Renal Intensive Care Units (RICUs) are specialized medical facilities dedicated to providing comprehensive critical care for patients facing severe kidney-related conditions. These units play a pivotal role in the management of acute and chronic kidney disorders, ensuring patients receive the specialized care needed to support their renal function and overall well-being. Staffed by a highly skilled team of healthcare professionals, RICUs are equipped with advanced technology and resources to monitor and treat a wide range of kidney conditions.
Conditions Treated By The Department
- Acute Kidney Injury (AKI): A sudden loss of kidney function, often arising from conditions like sepsis, dehydration, or acute glomerulonephritis, requiring intensive interventions.
- Chronic Kidney Disease (CKD) Exacerbations: Severe exacerbations of CKD, particularly those leading to kidney failure, require specialized care and interventions.
- End-Stage Renal Disease (ESRD) Complications: Patients with ESRD on hemodialysis or peritoneal dialysis may face complications like dialysis access issues or electrolyte imbalances.
- Renal Transplant Recipients: Intensive care for patients post-kidney transplantation, involving close monitoring of graft function, immunosuppression management, and early detection of complications.
- Glomerular Diseases: Severe cases of glomerular diseases, such as nephrotic syndrome or rapidly progressive glomerulonephritis, may require intensive management.
In the Renal Intensive Care Unit (RICU), specialized procedures are performed to manage and treat patients with severe renal (kidney) conditions and complications. These procedures are critical for maintaining kidney function, managing fluid and electrolyte balance, and addressing the underlying causes of renal failure. Common procedures in the RICU include:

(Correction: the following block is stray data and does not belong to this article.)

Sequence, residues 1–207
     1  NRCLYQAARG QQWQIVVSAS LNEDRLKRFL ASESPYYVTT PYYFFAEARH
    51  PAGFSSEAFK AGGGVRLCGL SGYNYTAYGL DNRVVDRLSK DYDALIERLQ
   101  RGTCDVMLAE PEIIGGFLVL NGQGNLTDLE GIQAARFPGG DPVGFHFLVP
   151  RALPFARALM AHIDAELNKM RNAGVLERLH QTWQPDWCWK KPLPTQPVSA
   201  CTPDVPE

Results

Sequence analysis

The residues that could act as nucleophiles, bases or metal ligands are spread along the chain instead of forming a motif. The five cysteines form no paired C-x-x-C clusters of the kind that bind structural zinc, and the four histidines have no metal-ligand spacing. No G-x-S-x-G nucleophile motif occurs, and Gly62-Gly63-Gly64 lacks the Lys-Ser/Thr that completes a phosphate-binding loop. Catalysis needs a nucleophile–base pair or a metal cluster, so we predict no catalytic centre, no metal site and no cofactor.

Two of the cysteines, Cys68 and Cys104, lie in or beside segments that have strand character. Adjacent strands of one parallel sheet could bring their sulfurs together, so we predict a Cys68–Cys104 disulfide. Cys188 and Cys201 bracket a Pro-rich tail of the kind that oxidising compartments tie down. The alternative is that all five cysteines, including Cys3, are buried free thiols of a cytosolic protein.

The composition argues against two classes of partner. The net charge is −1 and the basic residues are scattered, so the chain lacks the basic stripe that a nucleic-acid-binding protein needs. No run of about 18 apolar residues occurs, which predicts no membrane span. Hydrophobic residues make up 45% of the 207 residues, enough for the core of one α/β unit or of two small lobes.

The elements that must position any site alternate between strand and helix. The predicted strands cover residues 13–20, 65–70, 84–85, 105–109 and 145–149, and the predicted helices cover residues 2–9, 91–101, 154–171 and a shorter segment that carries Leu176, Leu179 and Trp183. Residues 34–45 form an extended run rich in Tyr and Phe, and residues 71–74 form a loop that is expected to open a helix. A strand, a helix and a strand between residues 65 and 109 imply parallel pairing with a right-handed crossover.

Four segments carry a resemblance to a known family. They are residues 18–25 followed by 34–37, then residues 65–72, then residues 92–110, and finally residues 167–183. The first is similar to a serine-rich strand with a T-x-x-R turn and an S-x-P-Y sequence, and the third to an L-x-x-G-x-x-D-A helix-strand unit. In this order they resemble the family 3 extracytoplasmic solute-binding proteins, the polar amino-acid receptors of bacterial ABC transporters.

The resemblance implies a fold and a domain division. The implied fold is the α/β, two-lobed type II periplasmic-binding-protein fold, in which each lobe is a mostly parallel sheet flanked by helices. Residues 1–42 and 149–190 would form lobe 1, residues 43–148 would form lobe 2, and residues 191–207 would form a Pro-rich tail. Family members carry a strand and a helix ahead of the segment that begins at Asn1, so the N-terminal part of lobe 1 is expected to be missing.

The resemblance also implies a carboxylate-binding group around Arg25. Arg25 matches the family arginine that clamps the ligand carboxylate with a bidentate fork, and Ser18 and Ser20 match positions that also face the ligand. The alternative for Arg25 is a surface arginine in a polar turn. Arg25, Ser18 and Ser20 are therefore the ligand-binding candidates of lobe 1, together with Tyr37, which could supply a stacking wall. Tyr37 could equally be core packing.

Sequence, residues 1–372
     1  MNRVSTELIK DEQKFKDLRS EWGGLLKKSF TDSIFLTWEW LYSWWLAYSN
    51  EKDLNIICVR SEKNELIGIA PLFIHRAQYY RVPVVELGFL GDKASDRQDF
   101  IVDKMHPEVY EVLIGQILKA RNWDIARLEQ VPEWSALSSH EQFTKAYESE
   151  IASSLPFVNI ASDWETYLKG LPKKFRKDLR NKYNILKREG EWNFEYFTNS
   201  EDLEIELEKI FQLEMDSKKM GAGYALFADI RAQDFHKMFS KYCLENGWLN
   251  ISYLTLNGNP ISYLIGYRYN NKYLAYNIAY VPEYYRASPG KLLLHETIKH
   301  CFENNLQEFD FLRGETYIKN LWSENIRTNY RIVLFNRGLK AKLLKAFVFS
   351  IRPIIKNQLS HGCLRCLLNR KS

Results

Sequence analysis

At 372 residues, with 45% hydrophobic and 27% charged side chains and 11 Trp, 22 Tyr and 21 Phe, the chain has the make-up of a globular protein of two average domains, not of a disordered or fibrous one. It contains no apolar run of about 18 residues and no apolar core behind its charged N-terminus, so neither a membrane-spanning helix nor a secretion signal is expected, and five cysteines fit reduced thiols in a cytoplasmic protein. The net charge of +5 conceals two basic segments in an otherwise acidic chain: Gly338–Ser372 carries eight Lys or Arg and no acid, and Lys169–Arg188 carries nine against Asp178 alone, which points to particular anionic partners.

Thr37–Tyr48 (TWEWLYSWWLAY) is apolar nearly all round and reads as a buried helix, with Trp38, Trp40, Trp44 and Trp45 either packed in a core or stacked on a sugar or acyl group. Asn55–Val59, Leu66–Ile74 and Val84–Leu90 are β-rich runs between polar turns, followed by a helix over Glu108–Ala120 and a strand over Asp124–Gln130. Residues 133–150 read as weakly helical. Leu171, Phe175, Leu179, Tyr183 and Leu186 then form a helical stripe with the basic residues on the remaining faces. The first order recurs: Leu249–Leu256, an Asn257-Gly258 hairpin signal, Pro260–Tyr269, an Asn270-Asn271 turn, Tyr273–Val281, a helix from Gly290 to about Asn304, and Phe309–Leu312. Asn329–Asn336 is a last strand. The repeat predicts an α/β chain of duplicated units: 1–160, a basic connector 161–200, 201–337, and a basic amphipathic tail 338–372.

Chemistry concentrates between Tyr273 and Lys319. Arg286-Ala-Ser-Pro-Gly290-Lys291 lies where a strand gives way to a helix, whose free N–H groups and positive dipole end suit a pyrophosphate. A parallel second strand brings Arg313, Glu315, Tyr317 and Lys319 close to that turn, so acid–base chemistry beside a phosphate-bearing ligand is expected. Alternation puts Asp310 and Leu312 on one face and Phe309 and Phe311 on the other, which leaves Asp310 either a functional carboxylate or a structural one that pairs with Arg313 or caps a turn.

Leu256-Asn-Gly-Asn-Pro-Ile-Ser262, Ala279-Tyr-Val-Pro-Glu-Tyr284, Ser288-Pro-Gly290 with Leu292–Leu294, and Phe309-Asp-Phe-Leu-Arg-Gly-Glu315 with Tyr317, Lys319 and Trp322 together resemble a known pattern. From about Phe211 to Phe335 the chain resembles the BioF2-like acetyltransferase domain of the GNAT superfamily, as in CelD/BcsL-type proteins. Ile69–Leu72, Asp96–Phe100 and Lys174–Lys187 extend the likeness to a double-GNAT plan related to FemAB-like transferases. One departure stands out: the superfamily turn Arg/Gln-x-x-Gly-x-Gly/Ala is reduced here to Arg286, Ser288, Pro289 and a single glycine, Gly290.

- Hemodialysis: A procedure to remove waste products and excess fluid from the blood when the kidneys are not functioning properly.
- Peritoneal Dialysis: Another form of dialysis where the lining of the abdominal cavity acts as a natural filter to remove waste products from the blood.
- Continuous Renal Replacement Therapy (CRRT): Used in critically ill patients, CRRT provides continuous dialysis to help manage fluid balance and remove waste products gradually.
- Insertion of Central Venous Catheters: For dialysis access or for administering medications and fluids.
- Placement of Arteriovenous Fistulas or Grafts: Creating access for long-term dialysis.
- Management of Acute Kidney Injury (AKI): Including fluid resuscitation, medication adjustments, and monitoring of kidney function.
- Electrolyte Management: Managing imbalances in electrolytes, such as potassium, sodium, calcium, and phosphate, which are common in renal failure.
- Urine Output Monitoring: Critical for assessing kidney function and fluid status.
- Kidney Biopsy: In some cases, a biopsy may be performed to diagnose the underlying cause of kidney dysfunction.
- Plasmapheresis: A procedure similar to dialysis that removes antibodies from the blood, used in certain conditions like vasculitis or thrombotic thrombocytopenic purpura (TTP).
- Improved Renal Function: Specialized care in RICUs has been associated with improved kidney function and filtration for patients facing severe renal conditions.
- Reduced Mortality Rates: Close monitoring and targeted interventions in RICUs help prevent or quickly address potential complications, improving overall patient outcomes.
- Enhanced Quality of Life: Successful management of renal conditions in RICUs leads to improved quality of life for patients, allowing them to regain independence and resume normal activities.
Call 011-42888888 to book an appointment with a specialist at Sri Balaji Action Medical Institute.